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The Cuts

From Here on Out (Birdman)


For six years and three albums, this crew from Oakland, California has been crafting fine, keyboard-flecked pop-rock records. Theirs is the type of band that hovers in obscurity while frustrated fans of classic pop-rock -- too lazy to do a little digging -- bitch that "there aren't any good classic pop-rock bands anymore."

The Cuts' main singer-guitarist, Andy Jordan, has recently been venting his frustrations to great effect through Time Flys, a wise-ass punk side project. And perhaps some rifts are forming within the Cuts, as From Here On Out veers between Jordan's Who-meets-Real-Kids rave-ups and keyboardist-singer Dan Aa's D.I.Y.-style ELO loopiness.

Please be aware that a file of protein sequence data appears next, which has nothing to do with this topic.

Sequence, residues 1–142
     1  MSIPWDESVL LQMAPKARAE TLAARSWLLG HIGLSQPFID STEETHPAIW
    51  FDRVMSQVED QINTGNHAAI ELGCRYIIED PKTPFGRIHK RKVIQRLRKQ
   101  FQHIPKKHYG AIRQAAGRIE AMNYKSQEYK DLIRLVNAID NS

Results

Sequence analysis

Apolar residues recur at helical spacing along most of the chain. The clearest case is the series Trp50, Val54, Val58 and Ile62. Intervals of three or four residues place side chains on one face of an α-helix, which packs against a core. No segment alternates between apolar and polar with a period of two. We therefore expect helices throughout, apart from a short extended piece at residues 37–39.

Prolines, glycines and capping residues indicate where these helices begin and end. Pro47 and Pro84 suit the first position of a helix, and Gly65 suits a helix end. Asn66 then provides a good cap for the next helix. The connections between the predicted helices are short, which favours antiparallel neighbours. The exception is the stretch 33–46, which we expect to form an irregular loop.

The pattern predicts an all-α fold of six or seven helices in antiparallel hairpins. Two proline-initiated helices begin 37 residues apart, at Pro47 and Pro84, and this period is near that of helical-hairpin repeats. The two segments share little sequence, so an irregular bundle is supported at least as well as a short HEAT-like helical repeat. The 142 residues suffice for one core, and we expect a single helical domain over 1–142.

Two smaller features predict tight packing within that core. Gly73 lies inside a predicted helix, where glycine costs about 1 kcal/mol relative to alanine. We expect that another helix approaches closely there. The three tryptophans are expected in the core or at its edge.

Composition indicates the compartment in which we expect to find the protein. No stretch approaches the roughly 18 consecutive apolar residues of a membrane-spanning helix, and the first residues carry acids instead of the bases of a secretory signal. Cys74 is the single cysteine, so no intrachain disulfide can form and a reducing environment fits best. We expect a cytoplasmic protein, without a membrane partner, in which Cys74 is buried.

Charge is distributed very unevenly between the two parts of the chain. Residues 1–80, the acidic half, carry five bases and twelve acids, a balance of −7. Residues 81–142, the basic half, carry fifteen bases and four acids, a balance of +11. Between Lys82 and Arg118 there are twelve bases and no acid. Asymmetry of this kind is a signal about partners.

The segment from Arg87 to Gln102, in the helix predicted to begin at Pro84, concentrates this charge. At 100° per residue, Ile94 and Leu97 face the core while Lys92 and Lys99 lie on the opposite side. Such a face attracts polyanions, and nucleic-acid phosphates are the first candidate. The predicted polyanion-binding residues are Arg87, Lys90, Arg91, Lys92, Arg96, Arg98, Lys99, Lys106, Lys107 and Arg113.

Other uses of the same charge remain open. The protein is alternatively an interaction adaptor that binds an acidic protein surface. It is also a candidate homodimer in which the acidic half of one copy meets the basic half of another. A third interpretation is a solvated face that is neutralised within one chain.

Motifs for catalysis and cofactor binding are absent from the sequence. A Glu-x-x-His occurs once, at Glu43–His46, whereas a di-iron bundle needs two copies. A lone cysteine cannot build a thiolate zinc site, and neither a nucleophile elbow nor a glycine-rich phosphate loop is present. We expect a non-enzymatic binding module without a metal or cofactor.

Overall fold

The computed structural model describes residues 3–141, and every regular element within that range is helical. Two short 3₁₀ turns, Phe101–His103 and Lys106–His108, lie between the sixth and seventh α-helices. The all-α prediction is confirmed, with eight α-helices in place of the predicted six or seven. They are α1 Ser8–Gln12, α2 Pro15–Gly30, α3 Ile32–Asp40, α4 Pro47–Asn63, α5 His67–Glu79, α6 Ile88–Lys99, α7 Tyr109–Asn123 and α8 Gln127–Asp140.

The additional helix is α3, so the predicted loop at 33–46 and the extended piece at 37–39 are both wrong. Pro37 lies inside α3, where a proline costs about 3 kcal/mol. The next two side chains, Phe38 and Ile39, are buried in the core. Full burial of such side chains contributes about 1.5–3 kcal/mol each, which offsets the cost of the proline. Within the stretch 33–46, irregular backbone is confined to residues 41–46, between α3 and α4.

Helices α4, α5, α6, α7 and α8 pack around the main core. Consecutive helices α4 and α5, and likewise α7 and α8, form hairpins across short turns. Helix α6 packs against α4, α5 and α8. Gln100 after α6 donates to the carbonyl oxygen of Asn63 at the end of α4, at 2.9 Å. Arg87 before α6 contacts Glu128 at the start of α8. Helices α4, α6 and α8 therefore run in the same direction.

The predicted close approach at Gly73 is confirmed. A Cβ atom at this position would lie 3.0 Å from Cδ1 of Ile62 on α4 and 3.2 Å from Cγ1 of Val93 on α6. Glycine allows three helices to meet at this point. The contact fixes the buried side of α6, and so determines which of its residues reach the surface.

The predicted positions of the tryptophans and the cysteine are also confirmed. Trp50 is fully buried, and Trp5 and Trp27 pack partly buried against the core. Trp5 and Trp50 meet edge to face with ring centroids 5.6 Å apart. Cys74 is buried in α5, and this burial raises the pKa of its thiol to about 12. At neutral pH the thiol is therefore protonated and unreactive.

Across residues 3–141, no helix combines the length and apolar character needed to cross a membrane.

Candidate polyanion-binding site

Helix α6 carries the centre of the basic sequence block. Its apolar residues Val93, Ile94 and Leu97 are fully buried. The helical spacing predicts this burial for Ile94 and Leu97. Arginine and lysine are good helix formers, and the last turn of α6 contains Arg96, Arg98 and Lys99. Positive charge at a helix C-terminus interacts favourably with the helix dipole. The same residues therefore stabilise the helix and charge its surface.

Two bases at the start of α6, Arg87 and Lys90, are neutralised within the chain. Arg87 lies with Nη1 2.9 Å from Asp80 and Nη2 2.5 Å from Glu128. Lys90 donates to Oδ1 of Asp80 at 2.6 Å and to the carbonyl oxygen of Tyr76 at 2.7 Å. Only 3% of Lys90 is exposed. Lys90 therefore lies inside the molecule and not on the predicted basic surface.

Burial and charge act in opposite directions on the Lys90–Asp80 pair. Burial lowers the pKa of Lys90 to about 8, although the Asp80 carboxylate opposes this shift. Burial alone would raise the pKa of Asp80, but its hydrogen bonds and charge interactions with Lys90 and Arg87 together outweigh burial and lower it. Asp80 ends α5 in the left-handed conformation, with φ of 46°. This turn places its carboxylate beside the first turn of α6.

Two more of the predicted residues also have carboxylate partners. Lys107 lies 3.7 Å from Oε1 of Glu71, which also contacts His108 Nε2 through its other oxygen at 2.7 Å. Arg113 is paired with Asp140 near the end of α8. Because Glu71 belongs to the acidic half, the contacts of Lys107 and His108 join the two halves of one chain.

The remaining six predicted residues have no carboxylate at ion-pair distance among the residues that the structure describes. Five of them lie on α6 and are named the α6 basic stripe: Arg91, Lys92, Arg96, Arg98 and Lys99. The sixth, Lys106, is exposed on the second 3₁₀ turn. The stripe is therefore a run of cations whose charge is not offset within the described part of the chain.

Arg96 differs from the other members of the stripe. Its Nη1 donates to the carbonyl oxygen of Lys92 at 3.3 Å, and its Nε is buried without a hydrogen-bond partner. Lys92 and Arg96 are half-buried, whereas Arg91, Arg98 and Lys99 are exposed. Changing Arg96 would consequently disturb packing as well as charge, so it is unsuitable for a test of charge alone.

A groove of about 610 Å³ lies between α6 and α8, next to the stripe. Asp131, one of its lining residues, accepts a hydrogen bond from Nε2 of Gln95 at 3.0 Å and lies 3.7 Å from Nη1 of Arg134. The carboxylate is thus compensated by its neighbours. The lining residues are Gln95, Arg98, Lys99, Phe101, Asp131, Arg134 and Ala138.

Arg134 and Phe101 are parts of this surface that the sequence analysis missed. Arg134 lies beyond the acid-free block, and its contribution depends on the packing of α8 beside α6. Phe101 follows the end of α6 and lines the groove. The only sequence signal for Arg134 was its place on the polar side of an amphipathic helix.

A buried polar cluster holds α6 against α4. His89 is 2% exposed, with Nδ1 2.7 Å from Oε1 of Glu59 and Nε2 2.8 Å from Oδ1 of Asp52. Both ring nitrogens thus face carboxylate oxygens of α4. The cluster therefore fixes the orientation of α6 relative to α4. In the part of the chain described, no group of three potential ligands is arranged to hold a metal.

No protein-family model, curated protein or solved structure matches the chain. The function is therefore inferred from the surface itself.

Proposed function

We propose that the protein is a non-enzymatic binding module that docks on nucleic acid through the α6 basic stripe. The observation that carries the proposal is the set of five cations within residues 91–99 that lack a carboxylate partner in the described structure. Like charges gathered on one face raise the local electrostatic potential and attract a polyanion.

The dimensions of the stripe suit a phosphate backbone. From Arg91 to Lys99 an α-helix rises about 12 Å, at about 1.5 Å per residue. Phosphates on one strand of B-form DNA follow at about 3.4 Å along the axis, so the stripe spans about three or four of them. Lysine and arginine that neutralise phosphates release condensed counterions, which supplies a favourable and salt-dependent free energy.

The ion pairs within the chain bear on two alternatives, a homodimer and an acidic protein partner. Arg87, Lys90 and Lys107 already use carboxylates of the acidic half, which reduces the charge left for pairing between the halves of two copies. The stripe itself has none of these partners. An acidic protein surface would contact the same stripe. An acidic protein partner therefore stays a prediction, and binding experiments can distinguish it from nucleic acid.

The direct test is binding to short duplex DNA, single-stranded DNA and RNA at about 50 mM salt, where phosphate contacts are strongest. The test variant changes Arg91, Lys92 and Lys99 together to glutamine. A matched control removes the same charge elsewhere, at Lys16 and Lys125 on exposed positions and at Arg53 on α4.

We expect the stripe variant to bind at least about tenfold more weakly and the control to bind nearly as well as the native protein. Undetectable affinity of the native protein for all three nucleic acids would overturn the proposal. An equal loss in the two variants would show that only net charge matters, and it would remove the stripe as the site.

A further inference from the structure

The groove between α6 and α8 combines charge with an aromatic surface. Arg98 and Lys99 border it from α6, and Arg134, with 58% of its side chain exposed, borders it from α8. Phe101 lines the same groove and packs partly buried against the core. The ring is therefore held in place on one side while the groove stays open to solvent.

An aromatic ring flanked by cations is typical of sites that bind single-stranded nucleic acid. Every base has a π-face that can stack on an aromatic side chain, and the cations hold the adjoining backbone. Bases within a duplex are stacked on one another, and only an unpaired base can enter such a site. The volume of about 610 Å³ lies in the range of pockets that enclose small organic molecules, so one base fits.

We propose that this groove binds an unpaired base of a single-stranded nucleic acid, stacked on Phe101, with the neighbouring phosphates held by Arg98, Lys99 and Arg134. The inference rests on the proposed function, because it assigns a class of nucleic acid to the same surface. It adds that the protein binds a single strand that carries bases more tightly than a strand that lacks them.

Tracks like the groovy stomp "I'm Not Down" or the frantic "Out Here in Space" contrast with early '70s Beach Boys toying ("She's In Love") or other Lovey-doveyness ("Next to Nothing"). Such daisy-field romping can border on camp at times ("Lemonade," "One Last Hurrah"), but each lad dabbles in the preferences of the other, as all the tunes get goofy and gruff pretty equally. What connects all the influence-spotting shadows and sprightly sunspots is the fairly sparse production and a scruffy energy that keeps the Cuts planted firmly in garage land.

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